How do I know if I am hitting the mark? If what I am doing is helping people grow spiritually?
I understood his frustration. He cares so much about his church, the volunteers that serve with him and the people he ministers to.
He is a fully committed volunteer church leader.
Which means between work and family he doesn’t have unlimited time to invest in the ministry he loves.
And if he wants to make a difference he needs clarity, he needs vision and goals. He just wasn’t sure if all the events, all of the classes, and all of the services he was leading was helping people grow spiritually.
He wasn’t sure if he was hitting the mark.
Ever feel that way?
You Need A Scoreboard
A seasoned Pastor once told me that a long time ago.
I get the purpose of a scoreboard.
Everyone can see the score. Either we are winning or losing.
And if we are losing we can make adjustments.
But how do you rate someone’s spiritual growth? It’s not a quantitative measurement.
Quantitative means you can measure with numbers. Like attendance.
Yet, Quantitative measurements aren’t sufficient. For example:
- You can have someone with 100% attendance to a class and still not comprehend the material.
- You can have someone who attends church every Sunday, but whose heart isn’t transformed.
- They could be attending your church for over 10 years and be spiritually immature.
Quantitative measurement isn’t enough. You need qualitative measurement.
Unfortunately, qualitative measurement is not easy. You have to be willing to ask questions and get feedback.
It requires us to look deeper, beyond the surface level.
For example, when trying to figure out the spiritual state of my leaders I may ask the following questions:
- How are you doing?
- How are things with your spouse?
- What books are you reading?
- What has God spoken to you lately?
Measuring spiritual growth isn’t easy but it is necessary.
The Year of Discipleship
Recently I was in a meeting where someone called 2016 the Year of Discipleship.
The room seemed to have slowed down. Everyone just looked at her as she said it.
This was a divine statement. A revelation from God.
All of us had sensed something was different.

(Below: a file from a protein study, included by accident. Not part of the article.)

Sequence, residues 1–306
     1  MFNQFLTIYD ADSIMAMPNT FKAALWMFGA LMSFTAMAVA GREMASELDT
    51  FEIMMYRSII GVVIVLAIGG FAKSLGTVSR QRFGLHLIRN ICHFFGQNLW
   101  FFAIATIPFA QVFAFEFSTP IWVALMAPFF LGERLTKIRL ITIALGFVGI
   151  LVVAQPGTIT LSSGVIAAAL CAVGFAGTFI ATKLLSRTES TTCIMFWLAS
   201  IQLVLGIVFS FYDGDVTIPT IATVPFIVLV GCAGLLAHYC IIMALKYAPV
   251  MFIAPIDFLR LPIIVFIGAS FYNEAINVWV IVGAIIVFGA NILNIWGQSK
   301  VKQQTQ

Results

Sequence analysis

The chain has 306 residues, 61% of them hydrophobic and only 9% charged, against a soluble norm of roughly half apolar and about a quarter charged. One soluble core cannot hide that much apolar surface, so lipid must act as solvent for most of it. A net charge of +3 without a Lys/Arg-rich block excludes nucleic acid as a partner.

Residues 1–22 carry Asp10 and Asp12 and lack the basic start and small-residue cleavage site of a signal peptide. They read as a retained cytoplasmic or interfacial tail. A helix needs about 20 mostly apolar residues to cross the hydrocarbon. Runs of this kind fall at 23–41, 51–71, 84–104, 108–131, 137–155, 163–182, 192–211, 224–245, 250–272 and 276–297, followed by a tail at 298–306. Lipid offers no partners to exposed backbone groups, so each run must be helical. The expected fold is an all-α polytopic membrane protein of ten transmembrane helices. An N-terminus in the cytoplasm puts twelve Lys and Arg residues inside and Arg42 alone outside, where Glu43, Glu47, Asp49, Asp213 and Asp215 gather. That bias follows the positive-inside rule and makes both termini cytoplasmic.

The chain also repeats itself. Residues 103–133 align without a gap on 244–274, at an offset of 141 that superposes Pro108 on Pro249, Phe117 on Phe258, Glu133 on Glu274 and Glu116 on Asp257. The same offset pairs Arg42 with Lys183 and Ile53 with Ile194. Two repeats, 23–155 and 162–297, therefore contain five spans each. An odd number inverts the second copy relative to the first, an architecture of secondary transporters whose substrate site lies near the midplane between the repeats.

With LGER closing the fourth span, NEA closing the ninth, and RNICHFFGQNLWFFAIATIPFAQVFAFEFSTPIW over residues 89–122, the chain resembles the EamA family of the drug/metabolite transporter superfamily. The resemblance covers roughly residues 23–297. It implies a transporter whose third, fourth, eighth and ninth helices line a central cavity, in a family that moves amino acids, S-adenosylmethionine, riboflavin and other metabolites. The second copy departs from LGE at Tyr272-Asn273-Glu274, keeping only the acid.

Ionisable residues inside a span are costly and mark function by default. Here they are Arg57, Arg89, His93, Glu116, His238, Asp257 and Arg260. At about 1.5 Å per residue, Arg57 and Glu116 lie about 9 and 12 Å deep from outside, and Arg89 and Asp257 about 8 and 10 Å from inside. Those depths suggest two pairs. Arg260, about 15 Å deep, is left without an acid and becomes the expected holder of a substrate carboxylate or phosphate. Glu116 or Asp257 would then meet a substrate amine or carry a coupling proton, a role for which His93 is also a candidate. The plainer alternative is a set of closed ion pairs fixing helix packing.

God wanted us to focus on spiritual growth. We don’t just want to build Crowds, we want to build Congregations.
Spiritually mature, spiritually aware and sensitive congregants.
3 Ways of Measuring Spiritual Growth
After we left that meeting… the words year of discipleship continued to just resonate with me. So I began to pray… I wanted to create goals that the entire family life, discipleship, care departments could align themselves with.
How do they know if they are disciplining, if they are hitting the mark?
I came up with 3 measurements…
The first is….
As I wrote those two words on a white board. I turned around to look at a team made up of volunteer leaders. Some lead our Small Groups, our Marriages, our teaching team…
The team represented different audiences but had one goal. We have to help people know God.
The word “know” goes beyond familiarity. It depicts a sense of intimacy. To know God goes beyond just facts. Or biblical truths. It leads to understanding. When helping people grow spiritually, I want them to go beyond some biblical truth and understand God intimately.
The key is developing daily habits that help us draw closer to God. Like morning devotionals, times of prayer, getting in community with other believers.
These are private practices that affect our public life. The closer we are to someone the more likely we’ll begin acting like them.
Be With God…
The second measurement for spiritual growth that I laid out was to “Be With God.” I kept thinking of the countless people who walk through our doors that have a head knowledge of who God is, but never go beyond the “veil.”
Being with God isn’t just reading a devotional. It’s about waiting on him, praying to him, experiencing his presence.
It’s also about yielding our ways to his ways. Let me explain:
There was a couple I was counseling recently. And nothing I said would get through. I prayed, shared verses, faster and nothing worked.
The problem wasn’t the council is that they did not fully surrender to God. They were not ‘dead to self’. So when something got difficult instead of doing it Gods way they did it their own way. The result was more frustration in their marriage. No one was denying themselves, neither were doing it Gods way.
Are people denying themselves? Are they learning to submit to God and crucify themselves?
The last measurement is Serve God. I am not talking about serving in ministry. But rather living a life where others are first. Philippians 2.
One of my favorite examples was told to me by a Pastor who said… every time he takes his boys to the diner he gives them an opportunity to select whose dinner they will pay for. His goal is to teach them generosity.
I’ve observed that a mature person lives for others, and an immature person lives for themselves.
I loved how John Maxwell put it when he said “every day I look for an opportunity to bless someone.”
Another sign of spiritual maturity is when people live for others and stop living for just themselves.
Measuring Spiritual Growth
So these are the three guides I gave my team to help measure spiritual growth. It’s not going to be easy digging into someone’s life and see if these characteristics are evident in them.
But if we want spiritually mature congregants we will have to do the hard work of asking questions, getting to know people and measuring their spiritual walk.
I know there is an extensive list of indicators of spiritual growth.
What are you using to measure someone’s spiritual growth? Leave a comment below.